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Pete Smalls Is Dead (2010)
Pete Smalls is Dead and this movie is barely breathing.
I watched it because I'm a fan of Peter Dinklage's work. He was fine in this film. I loved the voice over storytelling. But I'm not a fan of Hollywood films about Hollywood. At least not fiction films about making films in Hollywood.
If this sounds convoluted, well yeah, it is and so is this film. I really can't fault any of the actors; I think for their part they were all believable in their roles. The story was just boring.
It's listed as a comedy that is dark, quirky and cynical. Well they certainly got the cynical part right but cynicism without humor is an exercise in tedium. I guess the quirky part is Steve Buscemi, another actor I enjoy, in a beige/blond curly clown wig looking like he'd been smoking 40 packs of cigarettes a day. Steve is usually great with the wry humor and quirky character portrayal; sadly, his character was pathetic. In fact all the characters were sad and pathetic.
I found myself skipping ahead every few minutes and then watching a few minutes and then skipping ahead. I didn't miss anything. You know it's like watching a soap opera every single day for three months and then missing the soap opera for a couple months; when you start watching again you realize Joan is still in the coma, Frank is still having the affair, and Cassandra is still making trouble for all of them.
This was 94 minutes of watching Peter Dinklage's character, KC Munk, trying to drum up 10k to get his much beloved dog back from the loan shark that took it to cover the debt. Munk spends the entire film riding on the back of a moped while his friend "Shemp" peddles him from place to place trying to either secure the 10k or get his stolen script back so he can sell it to get his 10k so he can get his dog back. I just couldn't care about the characters even though they spoke in soft and meaningful tones, it just didn't get me there.
I don't like the system Netflix uses, the like or dislike, but I'm going to have to only give this two stars even though I like the actor's performances I hated the story and I wouldn't recommend it to anyone. For IMDb I always double whatever I rate on Netflix; so my IMDb rating is FOUR stars ~ PhaedraBlue 03/10/14 ~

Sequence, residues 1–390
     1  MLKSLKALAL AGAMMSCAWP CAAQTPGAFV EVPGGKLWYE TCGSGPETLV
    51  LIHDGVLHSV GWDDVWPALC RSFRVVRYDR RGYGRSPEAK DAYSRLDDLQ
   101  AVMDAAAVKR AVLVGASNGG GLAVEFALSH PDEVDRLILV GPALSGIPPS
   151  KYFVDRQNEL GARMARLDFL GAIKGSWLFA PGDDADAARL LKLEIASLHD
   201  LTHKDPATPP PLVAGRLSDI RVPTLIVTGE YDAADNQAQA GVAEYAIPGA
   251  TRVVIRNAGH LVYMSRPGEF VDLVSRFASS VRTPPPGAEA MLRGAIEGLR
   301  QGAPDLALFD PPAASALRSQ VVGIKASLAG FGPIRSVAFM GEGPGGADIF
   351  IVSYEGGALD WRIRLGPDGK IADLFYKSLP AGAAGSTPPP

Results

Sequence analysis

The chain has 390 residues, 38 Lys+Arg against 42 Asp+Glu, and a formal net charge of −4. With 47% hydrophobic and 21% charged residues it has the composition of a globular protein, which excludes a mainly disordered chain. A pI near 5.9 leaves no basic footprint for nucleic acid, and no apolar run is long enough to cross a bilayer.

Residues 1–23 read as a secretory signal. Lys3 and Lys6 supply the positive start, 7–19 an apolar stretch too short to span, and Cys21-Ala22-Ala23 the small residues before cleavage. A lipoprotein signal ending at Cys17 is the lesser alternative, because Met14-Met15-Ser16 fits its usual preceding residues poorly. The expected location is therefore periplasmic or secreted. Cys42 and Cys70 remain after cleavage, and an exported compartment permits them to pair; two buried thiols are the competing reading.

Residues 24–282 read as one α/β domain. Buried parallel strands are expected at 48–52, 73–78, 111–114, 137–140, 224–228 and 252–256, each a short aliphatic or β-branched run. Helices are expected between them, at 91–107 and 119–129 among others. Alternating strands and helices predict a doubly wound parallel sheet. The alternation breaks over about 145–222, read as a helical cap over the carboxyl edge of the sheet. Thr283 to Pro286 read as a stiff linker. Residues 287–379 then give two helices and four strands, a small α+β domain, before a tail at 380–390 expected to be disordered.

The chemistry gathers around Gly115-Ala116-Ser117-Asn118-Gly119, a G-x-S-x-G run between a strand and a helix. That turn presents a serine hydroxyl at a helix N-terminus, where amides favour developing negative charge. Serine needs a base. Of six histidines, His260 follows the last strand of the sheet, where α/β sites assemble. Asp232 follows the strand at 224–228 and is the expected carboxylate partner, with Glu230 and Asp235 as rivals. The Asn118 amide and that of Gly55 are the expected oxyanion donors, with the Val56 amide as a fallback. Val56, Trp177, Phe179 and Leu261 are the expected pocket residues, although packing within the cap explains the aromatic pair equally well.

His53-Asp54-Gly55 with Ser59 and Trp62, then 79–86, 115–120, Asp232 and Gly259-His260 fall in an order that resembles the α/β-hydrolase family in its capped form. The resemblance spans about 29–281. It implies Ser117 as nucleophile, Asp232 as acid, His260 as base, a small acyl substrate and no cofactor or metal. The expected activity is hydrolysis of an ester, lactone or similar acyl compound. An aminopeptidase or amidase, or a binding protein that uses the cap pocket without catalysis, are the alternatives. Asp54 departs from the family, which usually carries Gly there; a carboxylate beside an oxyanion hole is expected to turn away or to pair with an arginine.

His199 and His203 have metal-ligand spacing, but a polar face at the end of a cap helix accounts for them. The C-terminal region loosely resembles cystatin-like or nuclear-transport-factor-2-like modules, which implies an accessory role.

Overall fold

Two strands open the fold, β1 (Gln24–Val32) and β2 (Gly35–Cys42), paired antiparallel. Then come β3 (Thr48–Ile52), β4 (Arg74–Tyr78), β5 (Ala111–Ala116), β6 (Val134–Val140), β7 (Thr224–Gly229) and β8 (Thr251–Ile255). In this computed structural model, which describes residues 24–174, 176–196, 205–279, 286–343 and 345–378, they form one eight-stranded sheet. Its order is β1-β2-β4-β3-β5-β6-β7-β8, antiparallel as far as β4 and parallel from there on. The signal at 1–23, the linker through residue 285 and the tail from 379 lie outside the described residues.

The New Daughter (2009)
I wonder if the Old Daughter had better energy?
I just finished watching Luis Berdejo's "The New Daughter". Berdejo adapted it from Irish native writer John Connolly's short story of the same name. Just short of beginning "It was a dark and stormy night..." Berdejo's story begins with an upper middle-class family uprooted by divorce. The father, a writer, hoping for a new beginning relocates his teenage daughter and young son to a beautiful country estate on the outskirts of a small town. There are innumerable films out there with a young teen girl torn from her emotional attachments left open to fall prey to the neighborhood unknown entity. TND is full of vague American cliché's. The bully at school, the single dad, the available concerned teacher, the vague rumors of something "not right" by the townsfolk, the vague historian, and a dubious American Indian legend surrounding a native American mound burial site that just happens to be located on this country estate. Are you beginning to see a pattern here? TND starts out slow and builds to a mediocre pace that barely gets the pulse going even as it approaches the climax of the film. The actors all seem to be sleepwalking throughout this; the norm for Kevin Costner. Costner has provided us with some great performances such as Crash Davis in "Bull Duram", Charley Waite in "Open Range" and Jake in "Silverado. This is not one of them. I gave this a 4 out of 10 rating because I'm feeling charitable. ~ToniHunterOne 09-3-2012